Europe’s quest for skills
As Europe grapples with both skills and labour shortages, EU institutions and national governments are trying to find ways to fill the gaps in Europe’s labour market. This EURACTIV Special Report looks at Europe’s challenges in training, attracting and retaining the workers it needs.
As the EU Commission put it in its recent proposal for a Green Deal Industrial Plan to boost the EU’s competitiveness, “demand for talent is acute.” If the EU wants to complete its transition to a net-zero industry, it will need an enormous number of skilled workers it is currently lacking.
However, shortages are not only affecting sectors critical to the green transition, like transport and clean energy production. Europe also suffers from an acute lack of healthcare workers and teachers, affecting some countries more than others.
To fill some of the gaps in the European labour market, EU countries have recently started to open their doors to third-country nationals, facilitating visa applications. The EU is also working on making the Union more attractive to skilled workers outside the Union and is expected to present a proposal on the recognition of qualifications of third-country nationals later this year.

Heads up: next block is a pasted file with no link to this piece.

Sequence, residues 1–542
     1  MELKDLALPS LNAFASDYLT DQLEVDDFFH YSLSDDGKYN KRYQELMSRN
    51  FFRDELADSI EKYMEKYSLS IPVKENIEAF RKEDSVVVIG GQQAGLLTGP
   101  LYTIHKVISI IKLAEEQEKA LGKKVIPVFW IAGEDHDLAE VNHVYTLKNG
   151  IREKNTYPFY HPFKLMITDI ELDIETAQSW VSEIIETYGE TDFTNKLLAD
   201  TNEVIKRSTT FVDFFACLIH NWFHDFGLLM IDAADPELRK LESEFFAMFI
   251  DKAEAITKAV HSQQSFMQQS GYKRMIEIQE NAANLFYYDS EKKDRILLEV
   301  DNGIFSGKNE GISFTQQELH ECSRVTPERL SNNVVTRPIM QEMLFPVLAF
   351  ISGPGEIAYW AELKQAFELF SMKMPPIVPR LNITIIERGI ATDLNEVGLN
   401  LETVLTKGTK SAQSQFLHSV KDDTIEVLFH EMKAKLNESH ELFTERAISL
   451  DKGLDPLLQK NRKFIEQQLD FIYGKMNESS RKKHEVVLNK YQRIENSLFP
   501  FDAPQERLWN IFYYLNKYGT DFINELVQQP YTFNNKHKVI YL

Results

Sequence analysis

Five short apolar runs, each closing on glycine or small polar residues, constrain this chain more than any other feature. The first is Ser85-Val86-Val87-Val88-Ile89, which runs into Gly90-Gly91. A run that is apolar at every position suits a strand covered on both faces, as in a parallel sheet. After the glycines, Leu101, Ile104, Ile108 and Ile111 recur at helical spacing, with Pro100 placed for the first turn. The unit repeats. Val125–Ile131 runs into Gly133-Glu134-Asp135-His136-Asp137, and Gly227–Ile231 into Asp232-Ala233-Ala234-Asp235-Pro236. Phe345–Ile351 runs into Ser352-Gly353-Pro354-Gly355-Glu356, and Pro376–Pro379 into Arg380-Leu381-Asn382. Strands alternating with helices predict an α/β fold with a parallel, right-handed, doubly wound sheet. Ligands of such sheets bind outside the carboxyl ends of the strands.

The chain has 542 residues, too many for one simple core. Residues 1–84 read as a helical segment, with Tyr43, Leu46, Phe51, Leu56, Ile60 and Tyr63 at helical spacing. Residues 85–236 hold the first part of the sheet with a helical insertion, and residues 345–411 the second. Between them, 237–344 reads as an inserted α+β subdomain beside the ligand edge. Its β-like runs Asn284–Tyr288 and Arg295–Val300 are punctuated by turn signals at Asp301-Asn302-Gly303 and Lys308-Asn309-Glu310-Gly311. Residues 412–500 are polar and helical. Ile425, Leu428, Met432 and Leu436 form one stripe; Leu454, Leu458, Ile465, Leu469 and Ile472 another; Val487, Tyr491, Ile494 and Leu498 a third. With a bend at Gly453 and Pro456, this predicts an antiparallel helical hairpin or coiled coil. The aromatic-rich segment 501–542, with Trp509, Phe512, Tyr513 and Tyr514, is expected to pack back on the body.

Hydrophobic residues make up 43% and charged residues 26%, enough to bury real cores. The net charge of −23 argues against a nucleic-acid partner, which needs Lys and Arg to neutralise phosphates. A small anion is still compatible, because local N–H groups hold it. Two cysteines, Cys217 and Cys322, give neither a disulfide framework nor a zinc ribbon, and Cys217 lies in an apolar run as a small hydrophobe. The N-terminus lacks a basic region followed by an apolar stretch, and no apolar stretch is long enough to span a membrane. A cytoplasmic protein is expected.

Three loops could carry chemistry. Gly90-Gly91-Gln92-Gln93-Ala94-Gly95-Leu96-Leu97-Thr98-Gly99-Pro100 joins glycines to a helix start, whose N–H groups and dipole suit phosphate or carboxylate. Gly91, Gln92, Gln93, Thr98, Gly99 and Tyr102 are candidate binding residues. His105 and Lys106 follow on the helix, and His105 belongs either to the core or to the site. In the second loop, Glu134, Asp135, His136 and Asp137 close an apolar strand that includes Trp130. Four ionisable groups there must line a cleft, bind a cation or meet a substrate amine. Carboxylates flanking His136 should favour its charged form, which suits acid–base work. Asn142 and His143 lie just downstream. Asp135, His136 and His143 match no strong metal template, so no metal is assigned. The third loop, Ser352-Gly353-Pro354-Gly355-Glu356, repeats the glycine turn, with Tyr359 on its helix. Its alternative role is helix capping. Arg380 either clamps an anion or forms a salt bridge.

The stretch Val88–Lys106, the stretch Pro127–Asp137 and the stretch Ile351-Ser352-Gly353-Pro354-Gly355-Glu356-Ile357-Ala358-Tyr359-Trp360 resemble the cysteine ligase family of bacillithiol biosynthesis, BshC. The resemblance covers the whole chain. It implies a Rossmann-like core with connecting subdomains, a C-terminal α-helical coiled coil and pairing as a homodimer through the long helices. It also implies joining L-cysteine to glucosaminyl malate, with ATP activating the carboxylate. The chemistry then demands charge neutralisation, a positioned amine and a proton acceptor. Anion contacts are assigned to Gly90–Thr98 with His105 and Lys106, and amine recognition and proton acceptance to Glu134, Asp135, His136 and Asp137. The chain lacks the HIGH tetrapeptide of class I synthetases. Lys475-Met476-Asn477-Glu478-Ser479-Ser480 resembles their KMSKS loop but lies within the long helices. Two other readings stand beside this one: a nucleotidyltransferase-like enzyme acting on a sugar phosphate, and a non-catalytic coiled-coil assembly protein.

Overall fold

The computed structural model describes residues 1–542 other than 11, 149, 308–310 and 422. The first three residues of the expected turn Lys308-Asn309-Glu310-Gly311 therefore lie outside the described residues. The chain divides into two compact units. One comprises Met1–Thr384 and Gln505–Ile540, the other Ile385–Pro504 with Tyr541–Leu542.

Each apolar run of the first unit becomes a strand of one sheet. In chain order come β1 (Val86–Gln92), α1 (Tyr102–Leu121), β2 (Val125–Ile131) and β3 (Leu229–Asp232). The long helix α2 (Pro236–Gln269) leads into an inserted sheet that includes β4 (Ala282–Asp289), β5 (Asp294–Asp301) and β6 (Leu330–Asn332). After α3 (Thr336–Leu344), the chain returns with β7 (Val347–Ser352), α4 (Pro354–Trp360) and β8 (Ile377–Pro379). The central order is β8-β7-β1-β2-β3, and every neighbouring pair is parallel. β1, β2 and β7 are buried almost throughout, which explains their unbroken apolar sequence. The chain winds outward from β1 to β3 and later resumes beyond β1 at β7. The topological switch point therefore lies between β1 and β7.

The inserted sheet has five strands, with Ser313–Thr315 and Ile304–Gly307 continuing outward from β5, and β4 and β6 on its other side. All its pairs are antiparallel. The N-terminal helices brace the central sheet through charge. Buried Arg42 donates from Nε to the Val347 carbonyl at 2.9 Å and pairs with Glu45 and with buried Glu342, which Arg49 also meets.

Meanwhile, internal labour mobility is also increasing, and Europeans often face the need to have their qualifications recognised in other EU countries. For some, such as teaching professionals, recognition procedures can turn out to be a challenging process.
Teachers face bureaucracy, extra training when relocating within EU
News | Economy 20-02-2023
Education professionals face considerable bureaucratic hurdles and mandatory additional training to get their domestic qualifications recognised if they want to work in another member state, barriers that are worsening the EU’s skills shortage.